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WikiLeaks threat sparks massive review of diplomatic documents

By Jill Dougherty, CNN Foreign Affairs Correspondent
A WikiLeaks threat to publish sensitive cables has prompted a massive review of documents, a U.S. official says.
A WikiLeaks threat to publish sensitive cables has prompted a massive review of documents, a U.S. official says.
STORY HIGHLIGHTS
  • Source: Every diplomatic mission document issued from 2006-2009 is under review
  • Officials fear the information could harm U.S. relationships around the world, source says
  • The lives of sources of information could be put in danger, the source says

Washington (CNN) -- The threat of publication of thousands of sensitive diplomatic cables by a muckraker website has prompted a massive review of documents at U.S. embassies around the world, a U.S. official says.

The official, who was not authorized to comment on the record, tells CNN that the State Department has, for months, been intensively dealing with the potential impact of the release of documents that WikiLeaks just recently hinted it will publish.

The documents are believed to include hundreds of thousands, if not millions, of diplomatic reporting cables from around the world from between 2006 and 2009, the official said.

In October, WikiLeaks released nearly 400,000 U.S. military reports about operations in Iraq. In July, it released more than 70,000 reports from the war in Afghanistan.

"Next release is 7 [times] the size of the Iraq War Logs," the WikiLeaks stated in a posting on its Twitter page on November 21. "Intense pressure over it for months. Keep us strong."

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The State Department has directed every diplomatic mission in the world to analyze cables issued from their locations during that period and to highlight those cables that might contain material sensitive enough to harm the relationship with the host country or put in danger the lives of any sources of information.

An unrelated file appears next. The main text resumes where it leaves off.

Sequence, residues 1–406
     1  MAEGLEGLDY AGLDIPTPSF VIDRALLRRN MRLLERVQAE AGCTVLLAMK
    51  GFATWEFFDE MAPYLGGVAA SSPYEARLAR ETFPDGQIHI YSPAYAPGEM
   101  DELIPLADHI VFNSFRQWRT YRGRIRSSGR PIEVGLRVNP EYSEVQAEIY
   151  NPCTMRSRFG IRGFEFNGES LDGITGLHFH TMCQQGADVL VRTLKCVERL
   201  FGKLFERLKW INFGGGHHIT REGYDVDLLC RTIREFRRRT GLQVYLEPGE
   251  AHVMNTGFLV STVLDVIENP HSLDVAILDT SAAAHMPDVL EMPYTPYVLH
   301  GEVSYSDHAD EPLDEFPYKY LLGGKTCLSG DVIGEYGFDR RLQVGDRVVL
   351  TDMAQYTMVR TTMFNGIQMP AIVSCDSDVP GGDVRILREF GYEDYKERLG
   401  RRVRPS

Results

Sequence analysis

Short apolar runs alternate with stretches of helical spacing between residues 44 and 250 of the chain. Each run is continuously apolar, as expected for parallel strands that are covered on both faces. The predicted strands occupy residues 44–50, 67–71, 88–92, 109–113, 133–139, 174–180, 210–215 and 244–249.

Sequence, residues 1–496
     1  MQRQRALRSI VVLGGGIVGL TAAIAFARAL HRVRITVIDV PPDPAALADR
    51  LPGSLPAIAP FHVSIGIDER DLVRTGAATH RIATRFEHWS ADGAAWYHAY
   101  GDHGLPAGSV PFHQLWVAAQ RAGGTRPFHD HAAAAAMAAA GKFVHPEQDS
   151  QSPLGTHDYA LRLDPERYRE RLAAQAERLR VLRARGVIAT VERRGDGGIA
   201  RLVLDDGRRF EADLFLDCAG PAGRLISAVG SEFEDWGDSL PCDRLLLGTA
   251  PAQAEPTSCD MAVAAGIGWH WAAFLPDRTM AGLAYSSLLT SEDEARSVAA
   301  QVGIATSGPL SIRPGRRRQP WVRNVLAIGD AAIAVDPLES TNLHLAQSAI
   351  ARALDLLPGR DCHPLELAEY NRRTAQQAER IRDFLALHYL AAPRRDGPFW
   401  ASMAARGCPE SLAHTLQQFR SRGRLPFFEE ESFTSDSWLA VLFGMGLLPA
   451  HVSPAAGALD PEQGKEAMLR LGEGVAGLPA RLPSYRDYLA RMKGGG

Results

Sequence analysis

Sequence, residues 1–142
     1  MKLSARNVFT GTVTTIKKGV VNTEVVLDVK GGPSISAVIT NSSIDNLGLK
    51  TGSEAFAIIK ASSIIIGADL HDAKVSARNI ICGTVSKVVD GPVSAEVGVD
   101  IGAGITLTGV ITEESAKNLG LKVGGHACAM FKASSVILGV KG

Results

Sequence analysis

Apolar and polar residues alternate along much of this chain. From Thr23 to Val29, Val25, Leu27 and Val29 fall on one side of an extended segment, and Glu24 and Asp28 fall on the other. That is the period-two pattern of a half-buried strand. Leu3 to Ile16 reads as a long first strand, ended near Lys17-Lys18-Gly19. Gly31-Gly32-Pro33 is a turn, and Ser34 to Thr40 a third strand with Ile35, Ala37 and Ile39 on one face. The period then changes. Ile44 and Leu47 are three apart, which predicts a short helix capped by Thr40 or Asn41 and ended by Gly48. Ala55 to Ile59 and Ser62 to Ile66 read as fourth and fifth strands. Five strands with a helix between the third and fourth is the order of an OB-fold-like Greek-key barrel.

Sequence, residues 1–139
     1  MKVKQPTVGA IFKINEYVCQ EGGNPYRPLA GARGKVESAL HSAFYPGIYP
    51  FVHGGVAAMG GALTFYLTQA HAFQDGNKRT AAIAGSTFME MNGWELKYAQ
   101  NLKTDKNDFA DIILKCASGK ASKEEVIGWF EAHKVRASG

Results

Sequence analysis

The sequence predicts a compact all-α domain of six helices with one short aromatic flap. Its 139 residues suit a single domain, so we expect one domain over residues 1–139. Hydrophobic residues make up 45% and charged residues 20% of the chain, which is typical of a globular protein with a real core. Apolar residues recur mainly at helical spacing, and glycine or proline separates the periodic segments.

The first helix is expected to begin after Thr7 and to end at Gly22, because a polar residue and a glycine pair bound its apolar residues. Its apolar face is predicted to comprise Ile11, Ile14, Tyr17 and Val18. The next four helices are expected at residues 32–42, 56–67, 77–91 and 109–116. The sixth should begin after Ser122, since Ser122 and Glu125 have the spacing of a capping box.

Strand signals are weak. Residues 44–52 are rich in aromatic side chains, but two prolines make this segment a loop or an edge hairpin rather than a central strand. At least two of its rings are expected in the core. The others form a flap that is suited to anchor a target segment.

The State Department website lists 297 embassies, consulates and diplomatic missions.

The source says the concern is that the WikiLeaks release could undermine the United States all over the world.

Honest diplomatic reporting is essential, the official says, and the leaks could hurt that, as well as compromise traditional diplomatic sources. The leaks could ruin their careers or even result in their deaths.

In preparation, the State Department has been reaching out to other governments to warn them and has notified Congress about what could be published, State Department spokesman P.J. Crowley said earlier this week.

For example, David Jacobson, the U.S. ambassador to Canada, has called Foreign Minister Lawrence Cannon to inform him of the matter, said Alain Cacchione, a Canadian Department of Foreign Affairs spokesman. The Canadian Embassy in Washington is working with the U.S. State Department, he said.

The Pentagon also is concerned about the newest release. Officials there expect the documents to be released soon, possibly by the end of the week.

The agency is increasing the size of a task force assigned to comb through the records of the already-leaked documents regarding the wars in Afghanistan and Iraq. If the new documents are published as threatened, the Pentagon team will help assess how damaging they are to U.S. interests. The task force numbers more than 100 people, including staffers from other agencies.

The military has charged Pfc. Bradley Manning with leaking videos to WikiLeaks, as well as downloading documents from military computers while he served as an intelligence analyst in Iraq. Among the documents he is alleged to have taken are 150,000 diplomatic cables. WikiLeaks has denied being in possession of those cables.

Manning is being held at a military jail in Quantico, Virginia.

 
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